I’ve been lucky enough to be a member of various book groups over the years. A few people have told me that they’re reading A Deadly Thaw in their own book club or reading group. To help along discussions I’ve put together some questions that I often raise when I have my own library and bookshop events. I hope you find them helpful.
1. A Deadly Thaw explores how investigations into sex crimes has changed since the 1980s. Do you think this accurately reflects shifting attitudes to victims of sex attacks?
2. Some readers have commented that easy access to cheap alcohol and dodgy pubs is no longer possible because of stricter licencing laws. Do you think the scenario in A Deadly Thaw could happen now? What would be the twenty first century equivalent?
3. One of the themes of Sarah Ward’s books are how in small towns secrets can fester for generations. Why do you think a small town setting resonances with so many people?
4. The Peak District is a hugely evocative location and helps with creating atmosphere in the narrative. What constraints do you think a rural location brings to a crime novel?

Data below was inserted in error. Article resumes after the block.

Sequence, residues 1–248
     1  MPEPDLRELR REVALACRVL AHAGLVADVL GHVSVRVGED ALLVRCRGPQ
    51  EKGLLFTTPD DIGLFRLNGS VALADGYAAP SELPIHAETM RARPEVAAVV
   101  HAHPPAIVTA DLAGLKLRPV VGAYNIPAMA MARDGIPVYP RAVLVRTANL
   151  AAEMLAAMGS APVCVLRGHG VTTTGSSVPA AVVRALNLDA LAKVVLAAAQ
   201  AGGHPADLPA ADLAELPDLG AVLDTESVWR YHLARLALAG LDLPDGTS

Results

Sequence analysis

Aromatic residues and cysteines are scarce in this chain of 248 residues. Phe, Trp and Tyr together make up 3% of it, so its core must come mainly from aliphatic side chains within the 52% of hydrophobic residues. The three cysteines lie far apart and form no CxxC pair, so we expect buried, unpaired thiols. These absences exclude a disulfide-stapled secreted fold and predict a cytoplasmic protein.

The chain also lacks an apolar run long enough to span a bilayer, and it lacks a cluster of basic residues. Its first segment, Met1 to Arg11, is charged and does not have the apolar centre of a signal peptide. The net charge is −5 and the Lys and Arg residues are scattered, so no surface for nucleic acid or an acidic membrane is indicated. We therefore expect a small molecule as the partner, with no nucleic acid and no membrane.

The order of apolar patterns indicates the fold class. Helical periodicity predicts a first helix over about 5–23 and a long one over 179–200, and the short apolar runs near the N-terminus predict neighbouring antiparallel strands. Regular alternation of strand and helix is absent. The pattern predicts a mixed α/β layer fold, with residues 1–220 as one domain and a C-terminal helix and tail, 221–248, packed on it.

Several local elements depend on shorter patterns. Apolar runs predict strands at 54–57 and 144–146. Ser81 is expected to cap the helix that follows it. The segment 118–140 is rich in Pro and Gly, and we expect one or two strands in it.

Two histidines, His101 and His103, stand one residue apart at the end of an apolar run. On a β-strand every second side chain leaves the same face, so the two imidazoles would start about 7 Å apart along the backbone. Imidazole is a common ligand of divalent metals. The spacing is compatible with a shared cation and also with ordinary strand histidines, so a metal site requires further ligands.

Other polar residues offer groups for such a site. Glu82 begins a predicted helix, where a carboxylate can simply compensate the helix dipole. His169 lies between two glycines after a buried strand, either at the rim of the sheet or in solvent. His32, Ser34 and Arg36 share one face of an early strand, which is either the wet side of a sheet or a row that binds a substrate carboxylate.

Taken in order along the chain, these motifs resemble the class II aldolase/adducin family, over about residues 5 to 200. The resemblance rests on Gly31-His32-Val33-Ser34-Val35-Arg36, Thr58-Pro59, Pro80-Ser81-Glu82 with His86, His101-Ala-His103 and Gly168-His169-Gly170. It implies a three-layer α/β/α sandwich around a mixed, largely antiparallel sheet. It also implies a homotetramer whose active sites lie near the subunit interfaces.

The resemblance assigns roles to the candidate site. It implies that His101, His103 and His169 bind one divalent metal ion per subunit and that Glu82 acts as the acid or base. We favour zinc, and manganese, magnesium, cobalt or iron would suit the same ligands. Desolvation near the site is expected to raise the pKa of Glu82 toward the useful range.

5. Kat is a therapist who fails to acknowledge the traumas in her own past. She crosses a professional boundary with her relationship with Mark. What do you think their future is likely to be?
6. What is the significance of the Hammer films watched by Lena and Kat as teenagers? Do they represent a closeness now longer present or is there another significance?
7. There are a number of references to the First World War in A Deadly Thaw. The gun is a trophy from the war given to Lena’s father and Andrew Fisher’s body is found in a disused mortuary. Why do you think there’s a WW1 theme running through the book?
8. DI Francis Sadler and DC Connie Childs are widely different characters. Which did you engage with more? Do you think diverse characters are important to a crime novel?